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MathGroup Archive 2000

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Re: RE:Working Precision

  • To: mathgroup at smc.vnet.net
  • Subject: [mg24036] Re: [mg23928] RE:Working Precision
  • From: Mark Sofroniou <marks at wolfram.com>
  • Date: Wed, 21 Jun 2000 02:19:58 -0400 (EDT)
  • Organization: Wolfram Research Inc
  • References: <8ihv28$led@smc.vnet.net> <8in7e4$4kc@smc.vnet.net>
  • Sender: owner-wri-mathgroup at wolfram.com

Every floating point arithmetic system is a compromise. It is possible
to construct examples where the correlation of errors violates the
assumption of independence in Mathematica's significance arithmetic.
It is also possible to construct reasonably simple examples where
cancellation of rounding errors gives very inaccurate answers in IEEE
fixed precision floating point arithmetic, as the following example from
[1] illustrates.

Here is the analytic value of the limit of (exp(x)-1)/x.

In[1]:= Limit[(Exp[x] - 1)/x, x -> 0]

Out[1]= 1

Here are some values of the function using IEEE arithmetic.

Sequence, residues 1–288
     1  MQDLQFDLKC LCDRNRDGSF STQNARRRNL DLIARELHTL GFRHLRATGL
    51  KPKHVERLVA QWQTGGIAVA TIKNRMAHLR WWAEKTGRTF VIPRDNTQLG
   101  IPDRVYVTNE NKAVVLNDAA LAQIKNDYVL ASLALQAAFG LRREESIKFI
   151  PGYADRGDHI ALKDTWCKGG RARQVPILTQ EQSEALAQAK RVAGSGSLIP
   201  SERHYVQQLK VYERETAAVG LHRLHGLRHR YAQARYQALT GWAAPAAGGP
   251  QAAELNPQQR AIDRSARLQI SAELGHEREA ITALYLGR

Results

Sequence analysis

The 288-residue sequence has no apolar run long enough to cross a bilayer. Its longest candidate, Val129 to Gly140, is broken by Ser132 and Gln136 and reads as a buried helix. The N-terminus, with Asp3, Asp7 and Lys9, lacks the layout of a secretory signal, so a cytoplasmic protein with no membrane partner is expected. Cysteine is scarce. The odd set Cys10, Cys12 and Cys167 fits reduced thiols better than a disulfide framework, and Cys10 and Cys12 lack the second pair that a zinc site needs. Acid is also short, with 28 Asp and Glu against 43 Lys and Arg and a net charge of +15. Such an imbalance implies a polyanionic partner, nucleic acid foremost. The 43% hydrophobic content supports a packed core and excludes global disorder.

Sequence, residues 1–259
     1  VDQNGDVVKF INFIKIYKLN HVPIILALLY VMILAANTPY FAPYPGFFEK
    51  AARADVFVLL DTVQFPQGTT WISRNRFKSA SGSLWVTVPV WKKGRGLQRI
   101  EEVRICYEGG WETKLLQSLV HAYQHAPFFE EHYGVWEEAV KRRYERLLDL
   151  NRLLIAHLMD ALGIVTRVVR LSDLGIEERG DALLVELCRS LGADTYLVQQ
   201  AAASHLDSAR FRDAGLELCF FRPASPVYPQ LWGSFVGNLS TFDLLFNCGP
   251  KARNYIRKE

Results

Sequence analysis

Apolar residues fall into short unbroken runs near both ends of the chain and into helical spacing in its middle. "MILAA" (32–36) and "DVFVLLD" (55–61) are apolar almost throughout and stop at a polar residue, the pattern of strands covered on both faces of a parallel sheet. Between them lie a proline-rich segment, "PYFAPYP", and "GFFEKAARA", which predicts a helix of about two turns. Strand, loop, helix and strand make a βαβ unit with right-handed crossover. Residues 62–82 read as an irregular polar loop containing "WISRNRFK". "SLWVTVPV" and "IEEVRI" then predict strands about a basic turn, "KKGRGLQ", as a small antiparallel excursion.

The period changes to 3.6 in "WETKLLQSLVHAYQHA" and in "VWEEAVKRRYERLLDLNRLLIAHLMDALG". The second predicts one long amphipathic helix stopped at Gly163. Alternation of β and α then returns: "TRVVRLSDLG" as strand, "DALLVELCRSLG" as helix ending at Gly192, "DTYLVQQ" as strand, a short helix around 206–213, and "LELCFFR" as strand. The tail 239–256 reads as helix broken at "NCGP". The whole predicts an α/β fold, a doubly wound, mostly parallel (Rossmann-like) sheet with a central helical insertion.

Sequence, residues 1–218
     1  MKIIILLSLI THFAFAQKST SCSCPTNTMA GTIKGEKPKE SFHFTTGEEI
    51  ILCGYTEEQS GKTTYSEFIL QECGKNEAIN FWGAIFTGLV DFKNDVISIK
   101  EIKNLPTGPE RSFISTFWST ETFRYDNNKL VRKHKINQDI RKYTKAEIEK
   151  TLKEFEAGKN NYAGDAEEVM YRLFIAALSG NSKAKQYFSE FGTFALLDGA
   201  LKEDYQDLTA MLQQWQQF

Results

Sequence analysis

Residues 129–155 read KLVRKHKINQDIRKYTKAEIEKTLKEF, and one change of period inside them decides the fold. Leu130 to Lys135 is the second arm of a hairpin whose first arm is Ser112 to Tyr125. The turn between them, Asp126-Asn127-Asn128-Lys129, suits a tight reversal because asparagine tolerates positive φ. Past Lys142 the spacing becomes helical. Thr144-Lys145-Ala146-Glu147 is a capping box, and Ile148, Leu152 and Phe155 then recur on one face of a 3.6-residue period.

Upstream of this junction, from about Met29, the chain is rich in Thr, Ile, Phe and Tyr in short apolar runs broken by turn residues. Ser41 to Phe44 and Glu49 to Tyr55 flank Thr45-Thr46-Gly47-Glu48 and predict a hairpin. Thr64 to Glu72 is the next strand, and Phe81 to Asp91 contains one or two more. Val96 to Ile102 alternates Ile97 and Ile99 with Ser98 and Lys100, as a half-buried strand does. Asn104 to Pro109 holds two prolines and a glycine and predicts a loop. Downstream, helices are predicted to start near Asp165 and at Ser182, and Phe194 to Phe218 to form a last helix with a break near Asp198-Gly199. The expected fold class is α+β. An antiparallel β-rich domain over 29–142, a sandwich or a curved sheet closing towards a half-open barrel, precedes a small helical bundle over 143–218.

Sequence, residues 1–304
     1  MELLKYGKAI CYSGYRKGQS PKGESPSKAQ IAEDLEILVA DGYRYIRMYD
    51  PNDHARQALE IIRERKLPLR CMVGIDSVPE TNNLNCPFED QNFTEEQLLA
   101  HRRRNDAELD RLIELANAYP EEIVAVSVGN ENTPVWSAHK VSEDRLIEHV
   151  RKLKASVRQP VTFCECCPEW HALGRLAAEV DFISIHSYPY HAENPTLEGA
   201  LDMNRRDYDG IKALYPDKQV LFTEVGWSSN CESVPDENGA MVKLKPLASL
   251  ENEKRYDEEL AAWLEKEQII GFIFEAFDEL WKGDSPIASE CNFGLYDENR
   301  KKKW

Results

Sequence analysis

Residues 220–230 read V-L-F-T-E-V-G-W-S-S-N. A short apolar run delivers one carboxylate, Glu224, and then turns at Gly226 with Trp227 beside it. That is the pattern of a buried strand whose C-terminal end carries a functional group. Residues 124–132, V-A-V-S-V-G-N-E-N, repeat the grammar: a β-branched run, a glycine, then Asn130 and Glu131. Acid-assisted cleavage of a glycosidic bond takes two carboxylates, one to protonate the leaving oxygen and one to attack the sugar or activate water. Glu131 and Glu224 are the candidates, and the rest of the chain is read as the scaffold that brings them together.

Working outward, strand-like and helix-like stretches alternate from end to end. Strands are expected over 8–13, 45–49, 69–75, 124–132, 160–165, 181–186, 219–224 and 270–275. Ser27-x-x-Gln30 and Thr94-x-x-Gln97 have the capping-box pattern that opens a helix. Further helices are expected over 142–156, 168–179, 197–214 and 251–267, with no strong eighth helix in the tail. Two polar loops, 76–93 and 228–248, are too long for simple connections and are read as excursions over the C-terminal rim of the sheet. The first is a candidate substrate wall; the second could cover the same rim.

In[2]:=
InputForm[
  Table[ x = 1.  10^-i; (Exp[x] - 1)/x, {i, 10, 16}]
]

Out[2]//InputForm=
{1.000000082740371, 1.000000082740371, 1.000088900582341, 0.9992007221626409,
 0.9992007221626409, 1.1102230246251563, 0.}

In contrast, Mathematica's significance arithmetic dynamically adjusts
the number of digits used in computations, based on the local conditioning
of the exponential. The subtractive cancellation no longer causes
difficulties.

This creates a software number that has the same number of mantissa
bits as an IEEE double precision floating point number.

In[3]:= one = SetPrecision[1., 53/Log[2., 10]];

In[4]:= Table[ x = one 10^-i; (Exp[x] - 1)/x, {i, 10, 16}]

Out[4]= {1.000000000050000, 1.000000000005000, 1.000000000000500,
>    1.000000000000050, 1.000000000000005, 1.000000000000001,
>    1.000000000000000}

One of Richard Fateman's criticisms of significance arithmetic seems
to be that it does not behave as one would expect a fixed precision
floating point arithmetic system. Mathematica's significance arithmetic
is designed to behave more like an interval arithmetic system, so this
is not surprising.

Both types of arithmetic system have their merits and both have
their disadvantages - otherwise there would be no more need for
numerical analysis. A drawback of fixed precision arithmetic is
that it provides no error monitoring and hence no information about
whether results are reliable.

Mark Sofroniou,
Wolfram Research.

[1] N. J. Higham, Accuracy and Stability of Numerical Algorithms.
SIAM, Philadelphia, 1996.





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